“For $l,000, this material is brown, loamy and turns green with sunlight.”
“What is the ground, Alex.”
According to the National Weather Service, it’s been 41 days since anyone has seen the ground in the southeastern Michigan area. And it looks like continued cold is going to keep it that way for a while longer.
“We’re looking at a high of 17 degrees on Monday with a night-time low of minus 2 degrees,” said meteorologist Rachel Kulik. “The normal high for this date is 34 with a low of 20, so we are quite a bit below normal right now.”
Monday’s weather is expected to bring in light snow but no real accumulation. The highs and lows for Tuesday are expected to be 15 and minus 5 degrees.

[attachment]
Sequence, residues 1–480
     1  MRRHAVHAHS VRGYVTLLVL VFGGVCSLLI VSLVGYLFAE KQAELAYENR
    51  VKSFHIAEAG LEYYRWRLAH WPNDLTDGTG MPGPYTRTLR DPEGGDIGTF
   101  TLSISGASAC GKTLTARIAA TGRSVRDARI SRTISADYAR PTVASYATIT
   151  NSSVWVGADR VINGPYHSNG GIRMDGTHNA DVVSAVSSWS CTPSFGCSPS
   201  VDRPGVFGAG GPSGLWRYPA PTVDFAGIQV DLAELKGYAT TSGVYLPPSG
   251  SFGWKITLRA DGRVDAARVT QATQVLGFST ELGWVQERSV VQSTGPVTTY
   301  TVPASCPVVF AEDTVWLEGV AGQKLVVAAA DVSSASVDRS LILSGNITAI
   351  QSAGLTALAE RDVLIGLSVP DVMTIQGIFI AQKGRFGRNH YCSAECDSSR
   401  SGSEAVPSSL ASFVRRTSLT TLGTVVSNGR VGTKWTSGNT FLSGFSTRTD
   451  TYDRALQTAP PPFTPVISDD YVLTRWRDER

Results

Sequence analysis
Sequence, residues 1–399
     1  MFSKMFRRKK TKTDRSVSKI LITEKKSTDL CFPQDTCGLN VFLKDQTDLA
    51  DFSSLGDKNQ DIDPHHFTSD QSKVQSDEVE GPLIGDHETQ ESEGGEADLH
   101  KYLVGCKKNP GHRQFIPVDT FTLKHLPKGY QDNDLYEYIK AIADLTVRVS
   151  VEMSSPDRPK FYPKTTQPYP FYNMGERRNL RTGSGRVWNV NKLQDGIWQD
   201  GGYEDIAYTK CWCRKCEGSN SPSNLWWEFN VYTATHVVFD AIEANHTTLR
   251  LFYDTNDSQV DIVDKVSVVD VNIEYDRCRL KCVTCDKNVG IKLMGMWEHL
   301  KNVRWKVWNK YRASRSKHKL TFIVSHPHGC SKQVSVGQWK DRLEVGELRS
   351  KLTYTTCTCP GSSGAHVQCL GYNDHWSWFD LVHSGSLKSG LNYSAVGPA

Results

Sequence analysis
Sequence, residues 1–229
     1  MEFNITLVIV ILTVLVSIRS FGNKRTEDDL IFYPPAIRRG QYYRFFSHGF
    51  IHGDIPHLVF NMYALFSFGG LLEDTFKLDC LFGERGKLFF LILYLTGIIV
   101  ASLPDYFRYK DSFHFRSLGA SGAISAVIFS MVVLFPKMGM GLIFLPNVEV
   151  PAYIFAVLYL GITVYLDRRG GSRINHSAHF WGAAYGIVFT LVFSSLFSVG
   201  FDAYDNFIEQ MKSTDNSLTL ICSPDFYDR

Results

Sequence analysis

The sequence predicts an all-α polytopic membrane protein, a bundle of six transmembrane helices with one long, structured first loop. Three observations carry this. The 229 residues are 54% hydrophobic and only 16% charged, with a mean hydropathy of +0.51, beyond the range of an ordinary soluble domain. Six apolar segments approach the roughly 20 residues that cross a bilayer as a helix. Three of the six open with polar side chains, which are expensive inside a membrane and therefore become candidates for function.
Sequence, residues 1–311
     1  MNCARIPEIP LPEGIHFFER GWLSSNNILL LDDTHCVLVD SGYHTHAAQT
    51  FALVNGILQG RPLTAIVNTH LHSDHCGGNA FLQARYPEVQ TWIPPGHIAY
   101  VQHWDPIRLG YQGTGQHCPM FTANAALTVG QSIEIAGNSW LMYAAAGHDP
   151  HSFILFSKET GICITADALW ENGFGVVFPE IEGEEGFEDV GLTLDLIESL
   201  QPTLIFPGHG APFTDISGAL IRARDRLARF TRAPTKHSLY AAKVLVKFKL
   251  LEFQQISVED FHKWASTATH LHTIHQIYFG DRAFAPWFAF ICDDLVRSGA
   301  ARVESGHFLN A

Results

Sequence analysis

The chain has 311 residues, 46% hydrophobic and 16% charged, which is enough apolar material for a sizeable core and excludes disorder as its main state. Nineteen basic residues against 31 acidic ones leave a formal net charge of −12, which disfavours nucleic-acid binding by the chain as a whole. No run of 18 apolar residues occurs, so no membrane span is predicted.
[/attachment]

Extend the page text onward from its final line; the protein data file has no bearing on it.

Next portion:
The metro area should easily move in to fifth place for number of days of snow cover, which was 45 days set in February 1984. The all-time record is 74 days set in March 1978.
Since Dec. 1, the metro area has received 70.8 inches of snow, making it the fifth snowiest winter on record. The normal amount of snow for an entire meteorological winter (December through February) is about 42 inches.
The all-time snow record is 93. 6 inches set during the winter of 1880-81.